Effects Of The Internet: Musical Mobility

MMost people have become very familiar with the internet, and all associated software. In fact, with the advancement of technology, most people have become familiar with all sorts of new little devices and technologies that have flourished because of the internet. Of course, I’m talking about your basic little iPod or MP3 player. Both are mobile as far as the battery will last, and ranged as far as a set of headphones will take you. We’re nearing the point now where it’s gone beyond the MTV generation and is stretching to a point where most people, aged eighteen to forty, own one of these fancy little devices.

Now, this links to the internet fairly simply. It starts with the computer link. You load your mobile musical device, or MMD, with whatever music you enjoy, through your computer. This is either done through a specific media player, or just through copy and pasting folder to folder. The internet comes in to play here through the availability of music through it. Before the internet, there was no reliable method by which to load yours MMDs, so there was no real need for them, and this is a fairly worrying fact.

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You’ve been able to buy CDs for a long time. Admittedly, not as long as vinyl or tape, but it’s a good trade off. Since the development of technology reached the point that CDs could be ripped onto your PC, MMDs have been under development to design, create and make profit from. However, they were nowhere near as popular before broadband internet and free, fast, illegal mp3 downloads became common. Being able to listen to a track on the move made particular tracks much more desirable. Something that you’ve heard on the radio is something that you might go out and buy, but it’s less likely that you’ll buy it if it’s something that you won’t listen to often. Being able to listen to it in the back and forth between point A and point B has convinced people that, instead of merely wanting it, they need that track to be available.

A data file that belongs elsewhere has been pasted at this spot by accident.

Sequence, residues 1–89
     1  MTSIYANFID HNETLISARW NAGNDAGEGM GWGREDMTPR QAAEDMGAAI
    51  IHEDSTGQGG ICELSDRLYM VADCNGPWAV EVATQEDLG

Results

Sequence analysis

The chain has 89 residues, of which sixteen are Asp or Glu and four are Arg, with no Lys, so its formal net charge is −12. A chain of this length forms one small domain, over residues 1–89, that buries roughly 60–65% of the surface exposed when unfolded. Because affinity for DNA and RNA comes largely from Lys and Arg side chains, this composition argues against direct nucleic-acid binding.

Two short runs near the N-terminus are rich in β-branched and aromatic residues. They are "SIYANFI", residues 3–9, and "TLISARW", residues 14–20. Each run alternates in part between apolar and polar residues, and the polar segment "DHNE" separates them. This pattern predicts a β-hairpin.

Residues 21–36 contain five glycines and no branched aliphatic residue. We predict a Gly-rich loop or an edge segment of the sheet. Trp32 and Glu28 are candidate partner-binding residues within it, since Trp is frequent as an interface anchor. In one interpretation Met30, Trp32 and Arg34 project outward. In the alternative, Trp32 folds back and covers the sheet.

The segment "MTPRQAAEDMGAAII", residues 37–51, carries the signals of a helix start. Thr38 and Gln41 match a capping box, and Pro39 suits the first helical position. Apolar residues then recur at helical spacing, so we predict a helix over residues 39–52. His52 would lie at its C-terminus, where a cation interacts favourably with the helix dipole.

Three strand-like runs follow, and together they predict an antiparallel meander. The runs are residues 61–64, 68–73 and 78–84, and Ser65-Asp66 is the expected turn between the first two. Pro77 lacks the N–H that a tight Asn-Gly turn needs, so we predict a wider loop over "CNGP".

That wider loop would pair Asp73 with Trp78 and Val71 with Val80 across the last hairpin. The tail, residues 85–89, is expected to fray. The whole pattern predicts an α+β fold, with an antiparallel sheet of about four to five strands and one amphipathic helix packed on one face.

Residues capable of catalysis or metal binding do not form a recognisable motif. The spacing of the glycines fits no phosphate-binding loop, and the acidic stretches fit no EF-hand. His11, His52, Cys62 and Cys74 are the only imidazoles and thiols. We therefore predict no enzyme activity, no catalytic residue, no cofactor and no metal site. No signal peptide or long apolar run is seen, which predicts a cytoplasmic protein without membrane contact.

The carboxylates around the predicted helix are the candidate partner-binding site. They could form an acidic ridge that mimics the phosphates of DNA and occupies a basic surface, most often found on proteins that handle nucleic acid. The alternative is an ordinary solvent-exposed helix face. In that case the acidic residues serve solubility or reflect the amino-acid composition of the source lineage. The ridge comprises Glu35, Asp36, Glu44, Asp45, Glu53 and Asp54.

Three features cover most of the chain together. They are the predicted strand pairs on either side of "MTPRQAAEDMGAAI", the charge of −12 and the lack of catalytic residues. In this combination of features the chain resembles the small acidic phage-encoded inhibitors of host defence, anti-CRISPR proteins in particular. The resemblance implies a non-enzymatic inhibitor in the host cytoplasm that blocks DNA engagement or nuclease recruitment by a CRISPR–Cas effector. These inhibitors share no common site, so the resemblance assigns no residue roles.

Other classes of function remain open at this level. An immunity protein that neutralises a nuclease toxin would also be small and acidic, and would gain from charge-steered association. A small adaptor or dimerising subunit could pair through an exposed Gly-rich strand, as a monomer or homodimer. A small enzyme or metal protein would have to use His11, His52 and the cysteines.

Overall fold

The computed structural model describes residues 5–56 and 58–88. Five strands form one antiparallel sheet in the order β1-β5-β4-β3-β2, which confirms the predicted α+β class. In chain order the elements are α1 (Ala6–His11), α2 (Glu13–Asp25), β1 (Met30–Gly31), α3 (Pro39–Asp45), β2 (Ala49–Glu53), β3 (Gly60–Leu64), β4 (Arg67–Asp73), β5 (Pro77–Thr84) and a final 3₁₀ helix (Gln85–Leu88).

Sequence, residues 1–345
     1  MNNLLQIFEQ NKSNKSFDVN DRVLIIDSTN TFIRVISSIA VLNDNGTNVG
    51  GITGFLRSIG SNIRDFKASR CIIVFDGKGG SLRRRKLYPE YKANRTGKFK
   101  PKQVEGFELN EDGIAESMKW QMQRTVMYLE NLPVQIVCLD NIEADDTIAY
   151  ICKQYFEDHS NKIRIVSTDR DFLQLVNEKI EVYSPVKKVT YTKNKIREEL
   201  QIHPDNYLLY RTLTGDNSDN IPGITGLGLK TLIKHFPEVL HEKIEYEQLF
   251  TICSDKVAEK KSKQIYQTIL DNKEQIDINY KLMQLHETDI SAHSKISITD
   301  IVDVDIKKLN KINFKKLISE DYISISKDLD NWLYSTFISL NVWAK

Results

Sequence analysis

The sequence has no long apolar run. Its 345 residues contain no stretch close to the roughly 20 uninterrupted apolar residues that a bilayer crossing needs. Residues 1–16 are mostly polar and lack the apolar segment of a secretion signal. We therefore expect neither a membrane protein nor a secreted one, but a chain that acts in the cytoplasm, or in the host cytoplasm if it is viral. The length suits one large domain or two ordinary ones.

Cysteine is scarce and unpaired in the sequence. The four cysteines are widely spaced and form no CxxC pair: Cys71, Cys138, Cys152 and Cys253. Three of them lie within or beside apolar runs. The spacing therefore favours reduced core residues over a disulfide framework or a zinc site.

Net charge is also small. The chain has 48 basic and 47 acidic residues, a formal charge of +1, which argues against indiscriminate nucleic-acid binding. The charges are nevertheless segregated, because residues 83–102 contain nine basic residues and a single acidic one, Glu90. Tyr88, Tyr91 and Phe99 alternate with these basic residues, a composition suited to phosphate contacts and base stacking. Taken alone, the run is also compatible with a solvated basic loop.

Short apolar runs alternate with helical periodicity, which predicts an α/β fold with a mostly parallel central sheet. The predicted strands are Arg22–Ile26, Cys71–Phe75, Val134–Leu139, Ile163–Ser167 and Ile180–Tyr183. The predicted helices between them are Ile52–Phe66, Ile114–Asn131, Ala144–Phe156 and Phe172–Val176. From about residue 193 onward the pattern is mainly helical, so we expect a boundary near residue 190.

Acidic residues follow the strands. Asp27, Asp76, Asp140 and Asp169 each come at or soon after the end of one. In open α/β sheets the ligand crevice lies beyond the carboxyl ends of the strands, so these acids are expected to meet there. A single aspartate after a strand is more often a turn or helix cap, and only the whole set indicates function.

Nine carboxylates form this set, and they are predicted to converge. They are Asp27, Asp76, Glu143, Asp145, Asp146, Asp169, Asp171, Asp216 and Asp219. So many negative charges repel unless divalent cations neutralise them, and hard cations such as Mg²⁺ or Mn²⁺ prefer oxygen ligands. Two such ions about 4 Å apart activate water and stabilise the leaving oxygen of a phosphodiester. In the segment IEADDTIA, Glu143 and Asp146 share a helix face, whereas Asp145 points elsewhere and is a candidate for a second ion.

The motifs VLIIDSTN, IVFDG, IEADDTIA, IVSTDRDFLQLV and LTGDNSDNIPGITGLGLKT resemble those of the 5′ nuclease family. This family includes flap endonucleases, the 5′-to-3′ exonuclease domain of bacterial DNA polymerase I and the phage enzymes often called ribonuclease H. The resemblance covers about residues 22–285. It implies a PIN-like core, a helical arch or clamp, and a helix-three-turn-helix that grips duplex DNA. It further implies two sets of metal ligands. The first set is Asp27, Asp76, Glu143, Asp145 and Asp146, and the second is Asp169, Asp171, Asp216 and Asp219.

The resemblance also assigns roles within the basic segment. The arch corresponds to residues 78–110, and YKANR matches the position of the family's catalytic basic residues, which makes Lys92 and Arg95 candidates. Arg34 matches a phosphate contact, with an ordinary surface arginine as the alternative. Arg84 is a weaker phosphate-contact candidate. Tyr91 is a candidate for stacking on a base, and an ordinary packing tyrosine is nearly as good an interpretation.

There’s also a certain danger when it comes to listening to music on the move. After all, your ears are already under complete distraction, so you can’t hear what’s coming behind you. You are so consumed with your chosen distraction that you’ve lost interest in the safety. This is exactly the same as the moral implications when it comes to track downloading. You’re so absorbed in the smaller picture that you don’t even know that there’s a bigger one to overshadow it.

The money is obviously made with the sales of MMDs, but with iPods in particular, there are other avenues. With an iPod comes a copy of the media player iTunes. This is a clear advertisement of Apple software, even on a Microsoft operating system. In addition, iTunes software brings several other types of software with it, all of which has paid money to Apple in order to have the advertisement. Having their software installed, alongside iTunes, onto as many computers as possible has no viable downside when people are proven to use the product.

Without a doubt, the internet has pushed the advertising and development of MMDs, as well as offering them additional financial possibilities. You can never really doubt how useful these little things are in travel, but it’s also fairly clear that the distraction that they offer have downsides too. Most people might swear by them without a question, but in reality it’s yet another accessory that the internet has made essential.

Tom Colohue is a fiction writer and music instructor from Blackpool, England. Though his main works are in the realms of fantasy, he also writes modern fiction for multiple websites, as well as theoretical and practical music lessons for magazines.

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